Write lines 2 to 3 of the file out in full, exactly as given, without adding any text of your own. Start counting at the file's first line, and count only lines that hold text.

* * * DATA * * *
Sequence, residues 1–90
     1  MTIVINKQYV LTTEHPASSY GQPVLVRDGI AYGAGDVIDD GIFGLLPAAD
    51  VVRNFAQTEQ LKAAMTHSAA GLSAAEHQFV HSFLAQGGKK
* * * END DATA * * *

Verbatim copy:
     1  MTIVINKQYV LTTEHPASSY GQPVLVRDGI AYGAGDVIDD GIFGLLPAAD
    51  VVRNFAQTEQ LKAAMTHSAA GLSAAEHQFV HSFLAQGGKK